William

    • Thank you William.
      Your story about the Russian tourists is fascinating. I prefer to travel light, so I can’t imagine lugging costumes all over India just to have pictures take, but each to their own I guess. Regarding the X-Pro series, curiously I found I got on better with the first model, but I think the problem is all me. I’ve been a user of entirely mechanical cameras for so long I just can’t wrap my head around the Fujis. I even had the occasional issue using the M8 and that was a much simpler camera than the X-Pro 2. I hope I have better luck with the M10 or it’s back to film for me.

  3. They are just superb images, all of them, and the way you have caught the light and shade is so satisfying! I am especially fascinated by the Casio shots. There is a quality to what we nowadays call "low resolution" that has its own vibrance – deeply pleasing. I sometimes take my Digilux 1 (also 4MP) for a walk, and its images have a quite painterly feel. I must try it more in mono.

    • John,
      Thank you! You are too generous. I agree about the low resolution camera aesthetic. I wish I still had the Casio just to compare with something like the X-Pro 2, but alas the camera died quite a few years ago. Perhaps I can get the same effect by setting the Fuji resolution as low as possible? I must try that.

  4. I enjoyed the photos. "Touristy" or not, they are quite good.

    Interesting that I have almost the same history of equipment usage. I was using a pair of M6’s when I added a Canon 30D for color and for the purpose of learning to deal with digital. It took a year or more with the Canon to become comfortable with digital, at which point I sold off all my Leicas. I then used various APS-C Canons mixed with 4/3 format for several years until I moved to Fuji a little over two years ago. I’ve since owned almost every model of Fuji, settling on the X-Pro1 and X-Pro2 as my main cameras (with a little support from the XT and X100 models).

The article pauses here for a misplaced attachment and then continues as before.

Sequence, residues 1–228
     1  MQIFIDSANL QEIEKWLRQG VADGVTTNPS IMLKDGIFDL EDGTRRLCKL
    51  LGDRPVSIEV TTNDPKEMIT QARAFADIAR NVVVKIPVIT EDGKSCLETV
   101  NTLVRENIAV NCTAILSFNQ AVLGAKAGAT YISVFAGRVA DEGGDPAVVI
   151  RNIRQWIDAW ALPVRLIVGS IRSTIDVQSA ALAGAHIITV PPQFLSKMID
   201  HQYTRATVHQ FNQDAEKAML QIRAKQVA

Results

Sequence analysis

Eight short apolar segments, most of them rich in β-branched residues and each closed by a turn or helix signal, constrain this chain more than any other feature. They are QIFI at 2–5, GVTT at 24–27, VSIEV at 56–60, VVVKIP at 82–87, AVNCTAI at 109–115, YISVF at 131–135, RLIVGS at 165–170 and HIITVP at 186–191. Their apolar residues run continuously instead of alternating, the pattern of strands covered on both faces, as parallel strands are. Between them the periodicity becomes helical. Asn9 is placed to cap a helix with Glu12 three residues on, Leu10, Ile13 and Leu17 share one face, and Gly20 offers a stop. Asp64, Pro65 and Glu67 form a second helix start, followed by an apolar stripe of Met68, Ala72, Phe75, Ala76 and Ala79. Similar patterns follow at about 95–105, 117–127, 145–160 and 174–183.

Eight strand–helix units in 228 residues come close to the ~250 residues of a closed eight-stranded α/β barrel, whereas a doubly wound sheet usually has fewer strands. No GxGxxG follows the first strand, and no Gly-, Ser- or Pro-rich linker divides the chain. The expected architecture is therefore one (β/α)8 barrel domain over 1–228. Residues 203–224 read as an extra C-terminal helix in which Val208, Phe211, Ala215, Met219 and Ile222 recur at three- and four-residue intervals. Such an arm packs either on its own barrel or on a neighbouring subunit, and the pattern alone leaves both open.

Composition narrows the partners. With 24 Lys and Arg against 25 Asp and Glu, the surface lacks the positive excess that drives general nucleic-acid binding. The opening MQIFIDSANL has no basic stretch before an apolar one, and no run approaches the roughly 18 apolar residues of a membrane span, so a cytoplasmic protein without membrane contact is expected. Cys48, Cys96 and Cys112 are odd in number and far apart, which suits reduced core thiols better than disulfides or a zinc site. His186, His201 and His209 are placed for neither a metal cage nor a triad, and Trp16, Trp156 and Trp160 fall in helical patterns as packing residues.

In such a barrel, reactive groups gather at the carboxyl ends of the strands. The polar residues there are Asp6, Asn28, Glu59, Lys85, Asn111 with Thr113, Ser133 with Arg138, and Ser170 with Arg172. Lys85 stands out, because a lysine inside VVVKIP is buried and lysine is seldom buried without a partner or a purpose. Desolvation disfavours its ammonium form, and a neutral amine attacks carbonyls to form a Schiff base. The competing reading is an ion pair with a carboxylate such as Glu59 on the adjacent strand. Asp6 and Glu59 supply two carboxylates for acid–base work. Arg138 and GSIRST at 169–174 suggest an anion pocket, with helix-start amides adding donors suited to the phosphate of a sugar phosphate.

I have been very happy with the Fujis. At my age with my eyesight, I benefit from AF and the Fuji’s AF is more than adequate for the subjects I’m interested in photographing. I thoroughly enjoy the OVF of the XPros. The bright frame lines remind me of the M6 with the added benefit of flipping a switch for a through-the-lens view when I need it. After an initially frustrating period of getting acquainted with the new camera system, I became totally comfortable with the Fuji operating system. The main thing I learned to do was turn off every feature I didn’t use and lock out all the buttons and dials that wasn’t necessary for the way I shoot pictures which is pretty much "kindergarten mode". I also found the XPro2 to be more complicated than the original model, however, as soon as I got my hands on mine I immediately went through the menus and did my turn off/lock out routine and it quickly simplified things.

    • Thank you. I appreciate hearing your experience with the XPro2. Coming from Leica, I also enjoy using the OVF of the XPro series, but I find that my fat fingers inevitably press some button I don’t want pressed at the worst possible time. Although I find the Fuji menus daunting, I will try your suggestions and see if I can turn everything off.

  5. A nice set of images, and I enjoyed the journey of capturing them. I would welcome seeing future digital shots, and would love to hear about your future photographic journey – more so if you bag an M10, it is still dangling temptingly on my wish list – albeit a little beyond my means right now.

    Dave

    • Hi Dave,
      Thank you for your comments. I look forward to providing another story to Macfilos once I’ve captured a new set of Paris images. In the meantime look forward every week to your Flickr posts. Keep them coming!

      • Cheers Richard, I am currently doing Whitby by Fog, and I have a few Teesdale waterfall shots to publish once I am happy with the set – so there is some new stuff coming – plus I have another North Yorkshire trip planned and naturally some more shots from the area.

        Dave

  6. Great story of what sounds like a great trip, Richard. Very interesting pics too. The Kodachrome 64 shots look gorgeous, interestingly with some obvious grain.

    I wonder if the Casio ‘look’ is the 4mp, or if its the ccd sensor? I’m a bit of an adherent to the idea that ccd’s have a distinct look to them.

    • Thank you Jason. Regarding the ccd sensors, I agree. My M8 produced results, especially in B&W that I’ve never been able to reproduce with the Fuji. Then again, the M8 had a sensitivity about the same as Tri-X and the XPro2 low light performance is an order of magnitude better than that.